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      Maternal Programming of Sexual Behavior and Hypothalamic-Pituitary-Gonadal Function in the Female Rat

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          Variations in parental care predict the age of puberty, sexual activity in adolescence and the age at first pregnancy in humans. These findings parallel descriptions of maternal effects on phenotypic variation in reproductive function in other species. Despite the prevalence of such reports, little is known about potential biological mechanisms and this especially true for effects on female reproductive development. We examined the hypothesis that parental care might alter hypothalamic-pituitary-ovarian function and thus reproductive function in the female offspring of rat mothers that vary pup licking/grooming (LG) over the first week postpartum. As adults, the female offspring of Low LG mothers showed 1) increased sexual receptivity; 2) increased plasma levels of luteinizing hormone (LH) and progesterone at proestrus; 3) an increased positive-feedback effect of estradiol on both plasma LH levels and gonadotropin releasing-hormone (GnRH) expression in the medial preoptic region; and 4) increased estrogen receptor α (ERα) expression in the anterioventral paraventricular nucleus, a system that regulates GnRH. The results of a cross-fostering study provide evidence for a direct effect of postnatal maternal care as well as a possible prenatal influence. Indeed, we found evidence for increased fetal testosterone levels at embryonic day 20 in the female fetuses of High compared to Low LG mothers. Finally, the female offspring of Low LG mothers showed accelerated puberty compared to those of High LG mothers. These data suggest maternal effects in the rat on the development of neuroendocrine systems that regulate female sexual behaviour. Together with studies revealing a maternal effect on the maternal behavior of the female offspring, these findings suggest that maternal care can program alternative reproductive phenotypes in the rat through regionally-specific effects on ERα expression.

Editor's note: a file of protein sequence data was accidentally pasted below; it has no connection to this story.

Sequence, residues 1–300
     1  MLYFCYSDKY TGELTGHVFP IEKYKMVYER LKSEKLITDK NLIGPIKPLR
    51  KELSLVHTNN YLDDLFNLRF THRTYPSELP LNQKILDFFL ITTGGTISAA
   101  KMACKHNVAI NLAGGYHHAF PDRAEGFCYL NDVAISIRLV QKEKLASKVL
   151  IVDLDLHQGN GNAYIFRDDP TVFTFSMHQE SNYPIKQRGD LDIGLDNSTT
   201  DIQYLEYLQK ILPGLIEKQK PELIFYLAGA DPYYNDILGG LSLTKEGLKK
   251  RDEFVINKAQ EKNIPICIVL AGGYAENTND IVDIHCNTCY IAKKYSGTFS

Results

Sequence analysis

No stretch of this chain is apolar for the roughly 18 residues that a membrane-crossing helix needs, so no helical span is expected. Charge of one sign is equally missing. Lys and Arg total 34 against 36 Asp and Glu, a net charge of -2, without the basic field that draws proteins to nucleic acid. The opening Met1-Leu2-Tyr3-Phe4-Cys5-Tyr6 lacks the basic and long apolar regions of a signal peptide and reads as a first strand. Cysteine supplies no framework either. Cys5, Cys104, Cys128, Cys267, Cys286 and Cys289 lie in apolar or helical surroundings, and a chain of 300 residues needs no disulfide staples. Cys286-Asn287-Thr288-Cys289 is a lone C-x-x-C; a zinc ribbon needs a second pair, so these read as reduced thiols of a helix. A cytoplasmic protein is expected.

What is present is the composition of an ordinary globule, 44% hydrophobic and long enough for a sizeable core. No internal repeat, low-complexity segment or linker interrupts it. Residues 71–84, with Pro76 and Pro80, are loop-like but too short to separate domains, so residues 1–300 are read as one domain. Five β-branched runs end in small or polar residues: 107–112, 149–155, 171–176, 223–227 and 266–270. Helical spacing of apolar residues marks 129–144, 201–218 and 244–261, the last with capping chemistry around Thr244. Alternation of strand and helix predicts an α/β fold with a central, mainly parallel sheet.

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          Most cited references 92

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          Alternative reproductive strategies and tactics: diversity within sexes.

           Mart Gross (1996)